He had in mind President Clinton's notion of restoring some order to professional boxing through discussion with the four main international organisations, the World Boxing Council, the World Boxing Association, the International Boxing Federation and the World Boxing Organisation. As an exercise in futility this would take some beating but, more to the point, it implies expedience.
Although holding no great faith in politicians generally, my friend could not imagine Tony Blair being advised to take up a similar initiative. This is probably so but sport matters more to the government of the day than it has ever done and not merely in matters of health and efficiency.
The collapse of Communism put paid, more or less, to the idea of sport as a means of promoting ideological superiority, but democratically elected governments are not blind to the effect of international sporting achievement on national morale.
Having made a commitment to England's bid for the 2006 World Cup in their manifesto, Labour enjoyed the happy coincidence of British sporting success shortly after returning to power.
Leaving aside football, which may well be in the process of spending itself to death, and bearing in mind past criticism of state-aided sports programmes, I'm not entirely sure about where I stand in all this.
It has always been daft to suppose sport and politics don't mix (sports sanctions helped greatly to bring down the evil of apartheid), though I am reminded of advice that an American political columnist offered Jimmy Carter, who was about to begin his first term as President. The last three of 20 points were about sport.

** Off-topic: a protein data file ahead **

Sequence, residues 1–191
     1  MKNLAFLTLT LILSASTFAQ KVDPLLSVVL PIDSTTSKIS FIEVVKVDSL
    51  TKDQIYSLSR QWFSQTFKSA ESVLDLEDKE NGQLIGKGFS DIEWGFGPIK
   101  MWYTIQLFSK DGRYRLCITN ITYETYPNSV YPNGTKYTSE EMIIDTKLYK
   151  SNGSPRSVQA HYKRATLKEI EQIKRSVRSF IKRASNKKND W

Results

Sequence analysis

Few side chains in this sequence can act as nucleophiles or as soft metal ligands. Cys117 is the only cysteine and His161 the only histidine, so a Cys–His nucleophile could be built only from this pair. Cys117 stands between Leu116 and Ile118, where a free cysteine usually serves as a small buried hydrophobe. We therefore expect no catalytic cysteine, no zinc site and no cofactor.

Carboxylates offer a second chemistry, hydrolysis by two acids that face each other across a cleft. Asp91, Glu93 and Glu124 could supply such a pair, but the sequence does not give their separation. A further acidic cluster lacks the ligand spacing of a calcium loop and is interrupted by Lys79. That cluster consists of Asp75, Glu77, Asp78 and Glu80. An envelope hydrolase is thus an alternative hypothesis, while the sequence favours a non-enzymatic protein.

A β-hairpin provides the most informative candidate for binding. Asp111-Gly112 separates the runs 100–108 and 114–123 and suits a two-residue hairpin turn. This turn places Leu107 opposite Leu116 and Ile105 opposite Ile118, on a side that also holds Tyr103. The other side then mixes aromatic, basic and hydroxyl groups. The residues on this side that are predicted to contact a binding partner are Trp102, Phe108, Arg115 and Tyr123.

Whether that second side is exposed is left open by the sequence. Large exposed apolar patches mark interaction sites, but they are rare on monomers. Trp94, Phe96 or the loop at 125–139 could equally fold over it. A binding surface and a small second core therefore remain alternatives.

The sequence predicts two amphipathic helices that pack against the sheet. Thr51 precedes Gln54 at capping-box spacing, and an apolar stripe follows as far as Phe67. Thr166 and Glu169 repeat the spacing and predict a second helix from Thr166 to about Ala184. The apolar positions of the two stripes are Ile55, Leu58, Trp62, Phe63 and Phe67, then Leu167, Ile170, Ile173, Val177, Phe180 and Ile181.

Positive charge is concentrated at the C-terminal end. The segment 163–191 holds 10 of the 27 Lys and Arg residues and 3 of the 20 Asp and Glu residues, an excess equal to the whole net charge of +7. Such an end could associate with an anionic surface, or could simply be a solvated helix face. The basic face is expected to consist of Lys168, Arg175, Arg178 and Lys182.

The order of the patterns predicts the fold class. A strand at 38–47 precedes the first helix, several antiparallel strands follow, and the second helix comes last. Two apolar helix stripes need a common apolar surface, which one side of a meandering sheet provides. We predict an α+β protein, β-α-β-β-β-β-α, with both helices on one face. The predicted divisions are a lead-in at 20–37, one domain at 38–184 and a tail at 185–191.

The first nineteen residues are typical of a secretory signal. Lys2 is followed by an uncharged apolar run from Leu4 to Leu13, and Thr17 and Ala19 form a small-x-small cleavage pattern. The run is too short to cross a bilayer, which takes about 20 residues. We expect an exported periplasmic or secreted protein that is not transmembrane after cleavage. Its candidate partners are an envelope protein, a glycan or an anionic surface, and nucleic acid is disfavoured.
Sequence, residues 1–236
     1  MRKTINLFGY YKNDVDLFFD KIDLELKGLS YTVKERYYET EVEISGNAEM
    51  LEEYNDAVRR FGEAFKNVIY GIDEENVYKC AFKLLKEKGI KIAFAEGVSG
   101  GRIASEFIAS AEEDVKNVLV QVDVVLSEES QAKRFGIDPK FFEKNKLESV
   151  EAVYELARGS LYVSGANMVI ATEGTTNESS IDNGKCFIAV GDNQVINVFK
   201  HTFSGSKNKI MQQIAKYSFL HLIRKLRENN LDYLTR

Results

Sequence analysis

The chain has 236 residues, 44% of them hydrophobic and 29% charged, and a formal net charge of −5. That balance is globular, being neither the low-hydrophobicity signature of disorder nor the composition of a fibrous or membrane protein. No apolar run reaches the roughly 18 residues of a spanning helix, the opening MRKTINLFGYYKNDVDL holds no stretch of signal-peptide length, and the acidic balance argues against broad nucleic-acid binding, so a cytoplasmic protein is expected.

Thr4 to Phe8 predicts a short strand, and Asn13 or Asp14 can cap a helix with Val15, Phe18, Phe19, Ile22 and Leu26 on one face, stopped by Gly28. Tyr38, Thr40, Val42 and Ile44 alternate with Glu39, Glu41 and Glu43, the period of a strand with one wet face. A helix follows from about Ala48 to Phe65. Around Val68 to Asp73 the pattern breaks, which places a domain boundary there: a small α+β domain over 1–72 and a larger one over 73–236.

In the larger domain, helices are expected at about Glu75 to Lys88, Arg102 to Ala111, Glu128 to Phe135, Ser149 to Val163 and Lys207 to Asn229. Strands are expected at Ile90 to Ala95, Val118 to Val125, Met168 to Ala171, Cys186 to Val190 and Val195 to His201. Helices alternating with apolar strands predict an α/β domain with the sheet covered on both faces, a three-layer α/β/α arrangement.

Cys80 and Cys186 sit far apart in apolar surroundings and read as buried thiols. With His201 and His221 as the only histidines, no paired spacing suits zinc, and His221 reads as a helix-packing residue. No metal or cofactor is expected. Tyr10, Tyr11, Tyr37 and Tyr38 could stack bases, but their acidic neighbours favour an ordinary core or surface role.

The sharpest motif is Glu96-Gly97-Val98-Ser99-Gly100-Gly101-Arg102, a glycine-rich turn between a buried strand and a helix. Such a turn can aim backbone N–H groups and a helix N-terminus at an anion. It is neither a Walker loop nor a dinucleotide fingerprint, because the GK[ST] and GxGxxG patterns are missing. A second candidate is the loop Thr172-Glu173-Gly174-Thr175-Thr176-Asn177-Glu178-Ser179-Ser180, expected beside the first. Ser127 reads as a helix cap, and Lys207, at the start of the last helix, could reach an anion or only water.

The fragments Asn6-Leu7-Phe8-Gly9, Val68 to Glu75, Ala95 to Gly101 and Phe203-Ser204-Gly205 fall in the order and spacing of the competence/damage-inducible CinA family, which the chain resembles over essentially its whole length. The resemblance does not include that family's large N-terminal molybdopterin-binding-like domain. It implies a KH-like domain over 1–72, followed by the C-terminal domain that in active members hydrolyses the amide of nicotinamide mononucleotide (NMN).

Carter was urged not to use football lingo by way of encouraging his party, not to talk about team play, or coming through in the last quarter, or giving it that old one-two. Don't invite athletes to the White House for dinner. Don't invite athletes ever. Have the courage to decide with Harry Truman that "Sports is a lot of damn nonsense".
It is not a question of whether a government should become involved in sport but where the line should be drawn. At what point should sport be left to fend for itself?
By now Labour's minister for sport, Tony Banks, has had time to look back on the history of his office and arrive at a few conclusions. Unquestionably a sports enthusiast - more than could be said for the majority of his predecessors - Banks is learning on the hoof, a process that guarantees a few tumbles.
I was mentioning this the other day to a veteran sports official. He was not greatly moved. "Whoever has that job, and let's face it, there have been some real duffers, soon realises that there are any number of people pulling in different directions. It's been that way for a long time and it isn't going to change."
One thing running around in Banks's head is the real possibility of a bid for the 2008 Olympic Games, which depends on whether the 2004 Games are held in Europe. I am not alone with the belief that this would be asking for trouble. Getting the Olympics for London may sound like a grand idea but, as a colleague grunted the other night, who needs it?
The logistics are frightening: accommodation for 15,000 athletes and officials and as many media representatives; transportation through a city threatened by gridlock; training facilities; indoor arenas to hold 20,000 spectators. I have no idea of how far down the road Labour have gone with this notion but they are running the risk of embarrassment.
One of the things in the back of my mind when I began, what helped me get off on this theme, was the fact that politicians can be as naive about sport as the most innocent punter.
Take, for example, the belief shared on both sides of our legislative chamber that England have more right to the 2006 World Cup than Germany. What these people choose to ignore, Banks among them, is the extent of Germany's ongoing authority in football. Three times world champions, six times finalists, the reigning European champions. On the basis of comparison, England's right doesn't come into it.Reuse content